Thursday, January 27, 2005

Let's think about this...

On a slow news day when nothing much is going on besides the ubiquitous speculation about whether the Mets or Orioles will actually bite on a Sosa trade (well, that and the news of some dude who allegedly blasted his kid with a stun gun) - perhaps it's time for some creative speculation about who smashed Sosa's boom box on the last day of the season.

Since it seems improbable that Sosa will be anywhere else next year (and since a bald appeal to the the second law of thermodynamics isn't likely to work), the players will undoubtedly need some sort of explanation as to how Sosa's salsa-spewing machine ended up in a hundred different pieces on the locker room floor - and it would probably be a good idea if they all had their stories straight by the time Spring Training starts.

Now who actually performed the cosmetic rearrangement of Sosa's boom box is somewhat irrelevant. Team chemistry demands a harmonious clubhouse, and so if that means this affair needs to be pinned on a scapegoat - fine. Baseball players have never been able to plausibly serve as ethical exemplars, and so this shouldn't be a problem for any player not named Barrett. As I see it, there's at least 4 candidates who fit the bill:

Moises Alou: In favor of Alou is the fact that the man is obviously not right mentally, a truth that is punctuated by the well-known fact that Alou often mistakes his hands for a urinal. Additionally, he is clearly emotionally unstable as evidenced by his disturbing collapse in the eighth inning of Game 6 of the 2003 NLCS (of course all of us experienced something of an emotional collapse after that game).

The problem with Alou, however, is the low believability factor. Sosa and Alou are close friends. In fact, Sosa might already know who actually smashed the box as a result. On the other hand, we can't worry about this possibility. Sosa wasn't there and so unless this incident was captured on tape AND the tape hasn't already suffered the same fate as the boombox - it's always going to end in a "he-said/he-said" stalemate. The actual offender only needs to understand something used with great effect in the legal world: plausible deniability. I often am amazed at the simple but effective utility of the following words: "It wasn't me." What more can you do after that? Couple that with a plausible scapegoat and you're as good as gold.

Matt Clement: In favor of Clement is his demonstrably erratic behavior. At times he would appear with the goatee and other times sans goatee. It could just be me, but this clearly is not the conduct of a stable man. It's also quite possible that he was upset that the lack of run support last year would relegate him to the second tier of available free agent pitchers and so he decided to pay back Sosa in a fitting way. Sosa's bat funked him, and so perhaps Clement used Sosa's bat to return the favor. The problem with Clement is that he's a pretty even keel guy and so even Sosa might not fall for this one.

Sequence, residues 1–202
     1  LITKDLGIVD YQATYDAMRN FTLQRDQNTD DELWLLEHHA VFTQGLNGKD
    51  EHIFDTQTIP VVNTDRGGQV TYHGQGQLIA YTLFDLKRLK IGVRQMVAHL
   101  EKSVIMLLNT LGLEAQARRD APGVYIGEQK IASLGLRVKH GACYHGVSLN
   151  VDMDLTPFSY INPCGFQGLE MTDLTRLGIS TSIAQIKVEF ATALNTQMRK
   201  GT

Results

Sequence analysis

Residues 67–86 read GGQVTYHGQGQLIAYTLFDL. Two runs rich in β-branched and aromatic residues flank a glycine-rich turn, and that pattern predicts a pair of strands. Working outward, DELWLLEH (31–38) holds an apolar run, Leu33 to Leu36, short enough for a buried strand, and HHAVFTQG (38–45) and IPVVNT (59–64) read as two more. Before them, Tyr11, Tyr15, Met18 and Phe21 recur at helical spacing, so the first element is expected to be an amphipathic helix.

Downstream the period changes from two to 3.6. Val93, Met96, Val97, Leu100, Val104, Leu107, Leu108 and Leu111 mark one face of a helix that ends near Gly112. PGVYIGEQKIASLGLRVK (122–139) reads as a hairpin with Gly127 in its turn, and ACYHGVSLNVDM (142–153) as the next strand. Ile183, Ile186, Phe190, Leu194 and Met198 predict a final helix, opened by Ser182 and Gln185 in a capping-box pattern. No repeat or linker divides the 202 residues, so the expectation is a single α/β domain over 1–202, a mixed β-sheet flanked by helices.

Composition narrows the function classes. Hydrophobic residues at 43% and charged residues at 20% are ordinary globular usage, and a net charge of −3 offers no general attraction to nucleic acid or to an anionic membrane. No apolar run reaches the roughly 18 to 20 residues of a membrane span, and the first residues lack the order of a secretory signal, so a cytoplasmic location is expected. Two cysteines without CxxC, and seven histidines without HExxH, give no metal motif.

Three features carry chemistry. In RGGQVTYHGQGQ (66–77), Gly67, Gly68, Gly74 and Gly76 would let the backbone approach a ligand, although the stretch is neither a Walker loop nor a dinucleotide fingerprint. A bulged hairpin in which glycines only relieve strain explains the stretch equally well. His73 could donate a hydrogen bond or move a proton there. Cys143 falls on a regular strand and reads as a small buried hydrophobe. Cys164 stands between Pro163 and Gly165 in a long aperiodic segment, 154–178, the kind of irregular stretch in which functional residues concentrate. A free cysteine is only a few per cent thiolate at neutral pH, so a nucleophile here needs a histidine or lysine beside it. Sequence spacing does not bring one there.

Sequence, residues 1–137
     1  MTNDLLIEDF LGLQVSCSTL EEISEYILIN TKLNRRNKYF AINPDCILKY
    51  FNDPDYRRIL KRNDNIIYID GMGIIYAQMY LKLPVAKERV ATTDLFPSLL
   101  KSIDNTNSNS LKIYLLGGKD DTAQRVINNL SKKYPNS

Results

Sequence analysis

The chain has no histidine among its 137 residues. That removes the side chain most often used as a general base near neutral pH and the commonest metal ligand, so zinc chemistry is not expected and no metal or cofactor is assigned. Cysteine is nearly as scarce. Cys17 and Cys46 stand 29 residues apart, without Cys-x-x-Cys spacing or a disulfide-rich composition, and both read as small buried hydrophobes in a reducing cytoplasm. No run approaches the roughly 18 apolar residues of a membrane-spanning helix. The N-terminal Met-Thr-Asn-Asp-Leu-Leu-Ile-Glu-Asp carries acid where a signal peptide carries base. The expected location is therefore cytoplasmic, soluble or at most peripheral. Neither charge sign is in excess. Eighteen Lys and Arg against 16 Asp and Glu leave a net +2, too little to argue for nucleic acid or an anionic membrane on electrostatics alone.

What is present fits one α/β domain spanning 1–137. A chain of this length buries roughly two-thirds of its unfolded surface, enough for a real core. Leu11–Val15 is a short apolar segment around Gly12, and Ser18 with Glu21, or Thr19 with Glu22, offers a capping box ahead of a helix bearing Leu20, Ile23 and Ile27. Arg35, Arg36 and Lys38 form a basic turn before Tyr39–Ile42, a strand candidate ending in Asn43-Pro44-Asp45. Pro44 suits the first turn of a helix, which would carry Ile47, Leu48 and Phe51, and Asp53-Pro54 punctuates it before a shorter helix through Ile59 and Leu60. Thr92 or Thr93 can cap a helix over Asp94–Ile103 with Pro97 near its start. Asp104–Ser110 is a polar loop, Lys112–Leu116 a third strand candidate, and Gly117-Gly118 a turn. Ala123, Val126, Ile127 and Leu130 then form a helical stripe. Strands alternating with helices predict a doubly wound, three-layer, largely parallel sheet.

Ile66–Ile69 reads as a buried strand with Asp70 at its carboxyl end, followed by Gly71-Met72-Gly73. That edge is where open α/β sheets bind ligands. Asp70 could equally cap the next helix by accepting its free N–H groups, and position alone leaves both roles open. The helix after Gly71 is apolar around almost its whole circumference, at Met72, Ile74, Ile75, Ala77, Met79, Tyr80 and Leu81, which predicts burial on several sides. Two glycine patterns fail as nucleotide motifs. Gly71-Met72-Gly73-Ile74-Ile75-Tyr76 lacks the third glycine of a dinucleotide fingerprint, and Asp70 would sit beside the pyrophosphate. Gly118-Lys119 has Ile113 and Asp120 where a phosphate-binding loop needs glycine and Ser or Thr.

Steve Bartman: Why not? Until the Cubs actually win a world series, Bartman (as sad as this is) remains a living tribute to the utility of a scapegoat - especially for a franchise that's experienced this degree of futility for this long. Isn't it possible that Bartman, realizing that his final vindication rests squarely on the ultimate success of the Cubs, erupted in a fit of rage on the last game of the season? If Sosa shows up in Spring Training and there's a Walkman with headsets and a black "Renegades" sweatshirt sitting in his locker, he'll get the message.

Mark Grudzielanek: Grudzielanek seems to fit the bill as well as anybody. It was a frustrating year for Mark. After an excellent season the year before, he had to deal with the twin frustrations of 1) the presence of Todd Walker, and 2) an Achilles injury that forced him to get off to a late start. Additionally (and unlike Clement and Bartman), he actually knows how to use a bat. Add to this the fact that he has a volatile personality and now plays for the Cubs chief divisional rival and you've got a perfectly viable candidate.

Now what you'll note about all of these candidates is that they all have something in common that makes each of them especially attractive - none of them are around to defend themselves. As the late CIA Director Bill Casey illustrates so well, a person's absence only increases his or her value as a scapegoat. It's unfortunate to say, but this thing has got to be pinned on someone who's no longer with the team.

Therefore, in my opinion, Mark Grudzielanek is your best candidate. Not only is he no longer around to present any kind of defense, but (as noted) he is now a player for the cursed Cardinals. I suggest the team pin a picture of Grudzielanek on the wall in Cardinals red and tape pieces of the boom box to it. What better than to have Sammy come out like a raging bull every time the Cubs play the Cardinals?

In any event, the team better come up with something, and fast, because it looks like Sammy's going to be around next year. I'd rather he be a happy camper because the Cubs are going to need him to produce better than he did last year if there's to be any chance of the postseason.